How activists negotiated a $40 billion settlement for Canada’s Indigenous children
For decades, Canadian activists have criticized the Ottawa government for underfunding Indigenous communities, which they say has caused various harms and hardships. Led by Cindy Blackstock of the First Nations Child and Family Caring Society, these activists sued the Canadian government in 2007, claiming that federal underfunding led to large numbers of First Nations children entering the foster care system after the residential schools were closed. The court battle dragged on for 15 years.
But in January of this year, the Canadian government offered $40 billion to the Indigenous children and families harmed by the child welfare system. It was the largest-ever proposed class action settlement in Canadian history—which some are calling a form of reparations.
This week, Cindy sits down with host Jenn Williams to discuss the tactics used in negotiations with the government and the conditions that led to a successful settlement.
Note: We encourage you to listen to the audio if you are able, as it includes emotion not captured by the transcript. Please check the corresponding audio before using any quotes.
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JENN WILLIAMS, HOST:
From Doha Debates and Foreign Policy, welcome to The Negotiators. I’m Jenn Williams. On today’s show, we’re going to look at the historic agreement that Canada reached just this past January with members of its Indigenous community, settling a 15-year court battle.
NEWSCLIP WITH WOMAN SPEAKING:
Children taken from their families and put into a system underfunded and ill-equipped to deliver the basics of life led to generational trauma, harm and loss.
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The federal government is offering $40 billion, the largest-ever proposed class action settlement in Canada.
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One that provides fair and equitable compensation to First Nations children and families harmed by discriminatory underfunding.
JENN: Nearly 1.7 million Canadians identify as Indigenous or First Nations. The community has been discriminated against for centuries, including in the education system. Now, you might be familiar with the story of Canada’s residential schools, which started in the late 1800s. In those schools, they actually separated Indigenous children from their families and forcibly assimilated them. The government finally shut down those schools in the 1990s, but family separations didn’t stop—they just took on a different form. After the residential schools closed, the number of First Nations children entering foster care rose more than 70%.
And I thought, “Oh, my God, we’re going to have to take these guys to court!”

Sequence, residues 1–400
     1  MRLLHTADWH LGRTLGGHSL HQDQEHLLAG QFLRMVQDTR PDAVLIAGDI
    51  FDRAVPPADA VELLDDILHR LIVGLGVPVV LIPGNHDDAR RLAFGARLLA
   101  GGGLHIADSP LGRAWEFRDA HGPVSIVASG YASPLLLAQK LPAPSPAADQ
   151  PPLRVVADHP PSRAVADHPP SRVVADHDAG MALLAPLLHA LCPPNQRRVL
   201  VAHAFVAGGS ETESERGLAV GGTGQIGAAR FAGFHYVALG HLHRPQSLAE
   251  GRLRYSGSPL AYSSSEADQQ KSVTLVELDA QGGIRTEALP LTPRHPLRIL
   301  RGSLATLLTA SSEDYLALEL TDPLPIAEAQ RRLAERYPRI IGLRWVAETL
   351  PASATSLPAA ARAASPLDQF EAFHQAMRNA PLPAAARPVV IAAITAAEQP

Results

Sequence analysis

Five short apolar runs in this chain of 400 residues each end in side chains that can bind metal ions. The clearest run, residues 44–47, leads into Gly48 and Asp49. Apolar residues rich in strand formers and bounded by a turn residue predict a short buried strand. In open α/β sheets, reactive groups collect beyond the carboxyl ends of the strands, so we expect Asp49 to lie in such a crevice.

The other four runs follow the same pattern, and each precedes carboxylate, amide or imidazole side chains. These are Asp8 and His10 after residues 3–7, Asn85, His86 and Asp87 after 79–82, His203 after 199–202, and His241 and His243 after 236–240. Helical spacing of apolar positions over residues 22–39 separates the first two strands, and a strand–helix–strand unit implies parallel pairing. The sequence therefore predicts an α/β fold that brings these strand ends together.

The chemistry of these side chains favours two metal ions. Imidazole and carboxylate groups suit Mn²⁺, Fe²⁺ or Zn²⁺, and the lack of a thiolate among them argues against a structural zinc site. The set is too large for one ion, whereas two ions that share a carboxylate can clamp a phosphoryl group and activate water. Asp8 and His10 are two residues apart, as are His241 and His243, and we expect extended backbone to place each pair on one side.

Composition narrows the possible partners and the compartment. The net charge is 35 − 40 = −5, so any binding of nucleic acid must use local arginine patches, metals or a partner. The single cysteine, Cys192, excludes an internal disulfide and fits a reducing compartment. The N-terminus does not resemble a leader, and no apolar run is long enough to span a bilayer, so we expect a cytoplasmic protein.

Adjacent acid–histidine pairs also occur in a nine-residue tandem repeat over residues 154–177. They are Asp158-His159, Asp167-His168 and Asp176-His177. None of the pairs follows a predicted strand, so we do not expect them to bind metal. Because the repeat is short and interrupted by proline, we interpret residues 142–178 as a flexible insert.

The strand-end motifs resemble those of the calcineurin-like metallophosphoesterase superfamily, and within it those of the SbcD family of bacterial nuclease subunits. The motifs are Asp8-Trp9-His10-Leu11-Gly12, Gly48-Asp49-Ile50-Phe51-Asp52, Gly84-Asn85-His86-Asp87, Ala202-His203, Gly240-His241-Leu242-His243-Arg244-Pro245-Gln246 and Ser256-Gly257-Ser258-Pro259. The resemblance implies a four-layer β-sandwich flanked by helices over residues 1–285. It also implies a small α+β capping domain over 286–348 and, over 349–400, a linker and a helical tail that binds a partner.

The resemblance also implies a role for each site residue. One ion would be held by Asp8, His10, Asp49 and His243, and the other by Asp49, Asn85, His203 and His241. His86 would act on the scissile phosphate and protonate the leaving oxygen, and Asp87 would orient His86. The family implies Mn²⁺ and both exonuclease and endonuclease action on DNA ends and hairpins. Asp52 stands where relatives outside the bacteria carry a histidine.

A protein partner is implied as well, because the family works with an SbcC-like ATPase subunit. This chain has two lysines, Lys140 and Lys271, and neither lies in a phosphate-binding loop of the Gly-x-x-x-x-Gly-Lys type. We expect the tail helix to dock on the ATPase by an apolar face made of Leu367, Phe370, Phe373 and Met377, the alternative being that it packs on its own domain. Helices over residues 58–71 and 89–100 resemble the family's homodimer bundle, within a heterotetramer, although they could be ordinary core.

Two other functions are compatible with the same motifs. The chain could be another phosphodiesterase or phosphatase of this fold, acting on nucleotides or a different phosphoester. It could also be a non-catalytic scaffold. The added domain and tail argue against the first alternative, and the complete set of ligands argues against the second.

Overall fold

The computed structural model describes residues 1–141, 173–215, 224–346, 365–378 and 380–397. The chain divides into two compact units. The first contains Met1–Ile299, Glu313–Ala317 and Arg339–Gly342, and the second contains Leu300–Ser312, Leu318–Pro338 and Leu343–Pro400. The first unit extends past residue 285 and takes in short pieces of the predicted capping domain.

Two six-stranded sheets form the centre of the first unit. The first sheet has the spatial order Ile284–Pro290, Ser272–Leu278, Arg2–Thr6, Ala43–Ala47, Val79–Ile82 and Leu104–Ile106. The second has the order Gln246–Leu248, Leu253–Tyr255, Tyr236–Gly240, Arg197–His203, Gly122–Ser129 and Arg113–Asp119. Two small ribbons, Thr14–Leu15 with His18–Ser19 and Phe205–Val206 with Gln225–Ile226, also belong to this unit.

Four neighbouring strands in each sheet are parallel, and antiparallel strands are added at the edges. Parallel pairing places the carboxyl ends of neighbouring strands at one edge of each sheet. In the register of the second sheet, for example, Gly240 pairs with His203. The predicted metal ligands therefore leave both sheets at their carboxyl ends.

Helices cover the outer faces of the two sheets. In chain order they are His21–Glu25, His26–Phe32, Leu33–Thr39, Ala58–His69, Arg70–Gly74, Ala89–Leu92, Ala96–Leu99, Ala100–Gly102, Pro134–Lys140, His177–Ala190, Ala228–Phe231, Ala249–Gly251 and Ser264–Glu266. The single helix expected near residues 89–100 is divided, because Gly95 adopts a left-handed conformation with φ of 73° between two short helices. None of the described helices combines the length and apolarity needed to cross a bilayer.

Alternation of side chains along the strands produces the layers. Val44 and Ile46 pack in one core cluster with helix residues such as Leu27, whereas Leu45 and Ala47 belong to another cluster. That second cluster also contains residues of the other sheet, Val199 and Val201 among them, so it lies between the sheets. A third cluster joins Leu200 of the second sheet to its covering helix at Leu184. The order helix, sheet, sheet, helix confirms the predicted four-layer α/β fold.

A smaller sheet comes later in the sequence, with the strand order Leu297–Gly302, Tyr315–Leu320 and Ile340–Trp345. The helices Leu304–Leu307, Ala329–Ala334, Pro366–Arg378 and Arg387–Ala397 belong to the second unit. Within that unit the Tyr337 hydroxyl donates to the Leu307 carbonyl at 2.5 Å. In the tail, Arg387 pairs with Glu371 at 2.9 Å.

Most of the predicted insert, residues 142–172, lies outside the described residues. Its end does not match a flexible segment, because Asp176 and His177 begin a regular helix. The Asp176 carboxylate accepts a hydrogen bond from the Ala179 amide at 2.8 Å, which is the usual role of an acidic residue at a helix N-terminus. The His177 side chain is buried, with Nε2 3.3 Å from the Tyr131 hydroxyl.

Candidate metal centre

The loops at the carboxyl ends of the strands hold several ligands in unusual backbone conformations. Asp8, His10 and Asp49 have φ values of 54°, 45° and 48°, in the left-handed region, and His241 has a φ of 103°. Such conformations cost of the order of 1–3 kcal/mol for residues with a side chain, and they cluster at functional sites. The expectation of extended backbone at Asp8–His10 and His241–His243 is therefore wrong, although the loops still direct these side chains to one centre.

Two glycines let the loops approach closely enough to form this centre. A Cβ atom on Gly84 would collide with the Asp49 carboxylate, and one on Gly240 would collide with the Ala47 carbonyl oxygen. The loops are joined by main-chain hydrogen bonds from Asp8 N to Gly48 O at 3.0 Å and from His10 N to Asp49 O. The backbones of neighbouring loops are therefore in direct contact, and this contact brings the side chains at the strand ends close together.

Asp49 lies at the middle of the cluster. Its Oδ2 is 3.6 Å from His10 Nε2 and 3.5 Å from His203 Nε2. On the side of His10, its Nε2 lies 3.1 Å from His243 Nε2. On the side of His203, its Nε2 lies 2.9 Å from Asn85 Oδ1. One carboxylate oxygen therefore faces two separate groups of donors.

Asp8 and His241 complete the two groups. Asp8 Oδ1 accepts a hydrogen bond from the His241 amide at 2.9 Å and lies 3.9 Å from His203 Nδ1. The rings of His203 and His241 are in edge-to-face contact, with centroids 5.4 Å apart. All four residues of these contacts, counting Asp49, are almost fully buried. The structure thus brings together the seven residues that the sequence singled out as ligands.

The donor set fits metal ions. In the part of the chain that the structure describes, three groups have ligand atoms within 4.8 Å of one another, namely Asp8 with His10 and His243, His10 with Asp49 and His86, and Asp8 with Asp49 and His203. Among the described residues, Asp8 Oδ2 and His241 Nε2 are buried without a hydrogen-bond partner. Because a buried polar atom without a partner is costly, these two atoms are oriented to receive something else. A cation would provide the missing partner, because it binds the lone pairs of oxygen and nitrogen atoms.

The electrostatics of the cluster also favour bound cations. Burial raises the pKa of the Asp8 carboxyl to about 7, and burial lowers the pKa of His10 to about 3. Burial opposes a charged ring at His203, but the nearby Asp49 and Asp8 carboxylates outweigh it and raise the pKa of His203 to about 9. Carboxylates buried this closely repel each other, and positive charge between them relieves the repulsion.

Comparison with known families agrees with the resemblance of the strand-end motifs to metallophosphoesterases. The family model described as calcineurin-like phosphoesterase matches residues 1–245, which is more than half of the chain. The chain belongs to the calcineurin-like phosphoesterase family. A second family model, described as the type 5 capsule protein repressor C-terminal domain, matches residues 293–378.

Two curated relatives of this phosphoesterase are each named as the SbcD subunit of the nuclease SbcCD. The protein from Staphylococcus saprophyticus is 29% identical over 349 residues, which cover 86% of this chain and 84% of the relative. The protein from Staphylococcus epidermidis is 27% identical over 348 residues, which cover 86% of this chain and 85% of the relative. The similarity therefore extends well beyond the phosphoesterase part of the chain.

JENN: That’s Cindy Blackstock, an advocate and member of the Gitxsan tribe. In 2007, she and another group brought a lawsuit against the Canadian government. They claimed that federal underfunding of Indigenous communities had led to the sharp increase of First Nations kids in foster care in the wake of the closing of the residential schools. This lawsuit eventually led to Canada’s $40 billion settlement this year. So, many of the details of Canada’s current agreement remain classified. They’re still negotiating over long-term reforms to the child welfare system. But Blackstock was able to talk about one of the important parts of their campaign: the tactics that she used to get the Canadian government to negotiate with her and other First Nations groups. OK, here’s our conversation.
CINDY BLACKSTOCK: I grew up in northern British Columbia, and I grew up at a time when residential schools were still operating. And in fact, I was—my first job at the age of 21 was being a child welfare worker while residential schools were still operating. And what I saw is a lot of First Nations kids coming into care, and the reasons for which they’re coming into care seem to largely be out of the control of the families themselves. You know, there’s a stereotype in child welfare that is when parents mess up or they don’t care about their kids. And what I was seeing is that First Nations families were far poorer than everybody else, that they didn’t have the same education as everybody else, that they were experiencing a lot of trauma as a family that was passed down from one generation to another, and that led people to addictions and poor housing and lack of water. And I just thought—I’m all about holding people’s feet to the fire for things that they can change, but these people seem to have been given far more than their load of disadvantage. And being expected to be able to parent to the same standard as those people who did not have that experience. And that seemed to be completely unfair to me. That’s why we were seeing so many First Nations kids in care.
JENN: So in the early 2000s, you became the executive director of an advocacy group called the First Nations Child and Family Caring Society. And that’s where you still are today, right?
JENN: What was your strategy at that point? What was, you know, what were you trying to accomplish there by forming that group?
CINDY: Well, I was so naïve. I thought the reason the government is treating these kids so badly in the wake of residential schools—by giving their families less funding for child welfare, less funding for basics like health care—is because they don’t know about it.